Upconversion laser phosphor displays
M. Cinta Pujol a, Francesc Díaz a, Magdalena Aguiló a, Jaume Massons a, Oleksandr A. Savchuk a, Joan J. Carvajal a
a Física i Cristal·lografia de Materials i Nanomaterials (FiCMA-FiCNA), Universitat Rovira i Virgili, Marceli Domingo, s/n, Tarragona, 43007, Spain
Oral, Joan J. Carvajal, presentation 007
Publication date: 10th April 2014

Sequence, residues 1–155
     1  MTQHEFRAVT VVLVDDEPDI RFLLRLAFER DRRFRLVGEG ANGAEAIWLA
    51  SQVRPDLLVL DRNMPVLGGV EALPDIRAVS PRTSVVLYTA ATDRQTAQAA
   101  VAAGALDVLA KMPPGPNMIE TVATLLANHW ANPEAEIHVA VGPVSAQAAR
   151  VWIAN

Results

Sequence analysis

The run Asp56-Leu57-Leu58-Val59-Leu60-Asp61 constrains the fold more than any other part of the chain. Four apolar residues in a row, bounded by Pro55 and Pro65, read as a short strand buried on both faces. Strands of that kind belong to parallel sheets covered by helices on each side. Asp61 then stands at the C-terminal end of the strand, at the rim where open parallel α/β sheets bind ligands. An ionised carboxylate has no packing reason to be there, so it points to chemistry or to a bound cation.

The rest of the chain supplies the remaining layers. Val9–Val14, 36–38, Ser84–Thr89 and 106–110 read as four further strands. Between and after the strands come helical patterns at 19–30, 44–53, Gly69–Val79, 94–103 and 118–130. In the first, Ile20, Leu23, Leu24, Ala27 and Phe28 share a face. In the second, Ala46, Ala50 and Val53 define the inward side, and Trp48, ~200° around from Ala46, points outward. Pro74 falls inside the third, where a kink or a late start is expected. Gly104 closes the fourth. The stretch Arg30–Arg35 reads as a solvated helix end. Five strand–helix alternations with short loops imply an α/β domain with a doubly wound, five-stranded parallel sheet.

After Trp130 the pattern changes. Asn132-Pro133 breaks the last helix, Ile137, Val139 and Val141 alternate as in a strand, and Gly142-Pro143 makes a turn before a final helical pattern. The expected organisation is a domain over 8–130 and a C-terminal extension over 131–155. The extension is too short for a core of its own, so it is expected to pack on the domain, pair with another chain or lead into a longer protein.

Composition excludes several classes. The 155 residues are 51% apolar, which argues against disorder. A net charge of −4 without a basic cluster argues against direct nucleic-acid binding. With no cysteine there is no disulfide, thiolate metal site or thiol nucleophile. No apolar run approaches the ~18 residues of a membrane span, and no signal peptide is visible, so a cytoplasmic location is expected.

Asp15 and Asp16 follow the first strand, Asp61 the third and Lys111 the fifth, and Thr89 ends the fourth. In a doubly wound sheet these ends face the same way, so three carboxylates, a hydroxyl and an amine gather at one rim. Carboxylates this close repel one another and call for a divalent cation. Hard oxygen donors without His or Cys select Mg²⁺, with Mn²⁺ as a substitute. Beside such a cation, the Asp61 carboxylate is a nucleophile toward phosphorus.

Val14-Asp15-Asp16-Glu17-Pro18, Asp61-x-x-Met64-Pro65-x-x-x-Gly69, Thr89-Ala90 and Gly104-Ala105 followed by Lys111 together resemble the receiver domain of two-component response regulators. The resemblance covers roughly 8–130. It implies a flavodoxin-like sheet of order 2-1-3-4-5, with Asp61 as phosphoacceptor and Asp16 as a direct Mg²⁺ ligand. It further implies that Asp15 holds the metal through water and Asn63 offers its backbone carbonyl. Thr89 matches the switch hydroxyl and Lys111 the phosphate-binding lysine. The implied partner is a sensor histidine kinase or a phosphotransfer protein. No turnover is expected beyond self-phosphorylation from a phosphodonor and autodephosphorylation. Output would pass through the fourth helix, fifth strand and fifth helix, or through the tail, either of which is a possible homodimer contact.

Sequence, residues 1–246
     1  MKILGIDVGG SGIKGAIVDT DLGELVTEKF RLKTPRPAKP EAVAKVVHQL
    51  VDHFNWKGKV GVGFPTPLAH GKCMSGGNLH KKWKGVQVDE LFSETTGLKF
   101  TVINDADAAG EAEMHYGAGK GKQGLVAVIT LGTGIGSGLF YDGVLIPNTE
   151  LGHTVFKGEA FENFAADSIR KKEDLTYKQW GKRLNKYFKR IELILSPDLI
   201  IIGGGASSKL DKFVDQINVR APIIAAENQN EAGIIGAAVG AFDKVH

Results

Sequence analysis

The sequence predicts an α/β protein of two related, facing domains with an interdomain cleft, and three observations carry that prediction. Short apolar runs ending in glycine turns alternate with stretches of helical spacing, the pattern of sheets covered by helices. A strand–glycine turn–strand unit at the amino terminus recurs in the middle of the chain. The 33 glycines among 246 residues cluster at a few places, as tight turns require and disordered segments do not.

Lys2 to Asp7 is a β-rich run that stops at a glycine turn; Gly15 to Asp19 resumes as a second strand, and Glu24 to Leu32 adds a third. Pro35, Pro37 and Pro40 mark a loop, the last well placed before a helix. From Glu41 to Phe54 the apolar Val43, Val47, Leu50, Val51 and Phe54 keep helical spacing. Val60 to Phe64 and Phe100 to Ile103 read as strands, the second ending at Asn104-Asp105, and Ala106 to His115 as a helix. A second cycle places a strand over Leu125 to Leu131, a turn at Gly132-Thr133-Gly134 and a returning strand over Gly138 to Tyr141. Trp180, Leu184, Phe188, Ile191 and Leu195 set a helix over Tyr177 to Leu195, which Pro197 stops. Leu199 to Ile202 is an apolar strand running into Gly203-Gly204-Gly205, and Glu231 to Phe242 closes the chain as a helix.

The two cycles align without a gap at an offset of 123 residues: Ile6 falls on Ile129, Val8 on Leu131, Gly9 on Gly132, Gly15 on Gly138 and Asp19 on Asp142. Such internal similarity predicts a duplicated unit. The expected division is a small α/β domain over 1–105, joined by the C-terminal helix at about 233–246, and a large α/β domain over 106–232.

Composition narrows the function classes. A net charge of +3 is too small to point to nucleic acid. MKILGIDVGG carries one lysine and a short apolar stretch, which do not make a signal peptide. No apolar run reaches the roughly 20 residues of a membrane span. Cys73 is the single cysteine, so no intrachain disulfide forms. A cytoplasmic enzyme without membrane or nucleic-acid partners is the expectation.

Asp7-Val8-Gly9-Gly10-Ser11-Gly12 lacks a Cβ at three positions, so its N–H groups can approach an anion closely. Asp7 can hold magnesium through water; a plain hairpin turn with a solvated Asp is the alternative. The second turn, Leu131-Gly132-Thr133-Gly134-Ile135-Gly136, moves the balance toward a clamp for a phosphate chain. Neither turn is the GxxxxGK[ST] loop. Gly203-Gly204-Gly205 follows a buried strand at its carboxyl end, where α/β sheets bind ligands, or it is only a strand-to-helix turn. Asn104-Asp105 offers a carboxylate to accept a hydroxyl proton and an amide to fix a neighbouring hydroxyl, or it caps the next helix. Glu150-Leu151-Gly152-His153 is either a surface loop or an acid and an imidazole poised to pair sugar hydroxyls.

In the last few years, a passionate interest has been growing for controlling the electromagnetic radiation by focusing on patterned structures and materials, especially when the dimensions of the structured material match the wavelength for resonant optical processes. However, light distribution control can also be achieved using patterned structures at a micrometer level. A particularly interesting approach has been the control of light distribution spatially and spectrally generated by optically active trivalent lanthanide (Ln3+) ions. It has been demonstrated that by embedding Ln3+-doped nanoparticles into microstructured materials it might be possible to control the light spatially at the micrometer scale in a wide spectral range.This kind of technology might have interesting implications to reinforce an emerging technology as it is laser phosphor displays (LPD). These devices consist on a scanning laser beam that excites one or more luminescent materials deposition onto a screen which emit light to form images. The present technology consists on parallel stripes of phosphors deposited on a substrate, that emit light of different colors after absorbing the same laser wavelength. By generating a two-dimensional (2D) array of phosphors, intead of parallel strips, a better definition for the pixels on the screen could be envisaged. Also, present technology uses UV excitable phosphors that emit visible light. However, by using upconversion processes, powerful IR laser diodes at low prices can be used for the same purpose.Here we present the fabrication of upconversion laser phosphor displays based on 2D patterns fabricated on the surface of non-linear optical materials (KTiOPO4) by ultrafast laser ablation and consisting on an array of holes in which upconversion nanoparticles of monoclinic potassium double tungstates have been embedded able to emit blue, green and red light after excitation at 980 nm. The emissive properties of these displays have been analyzed.



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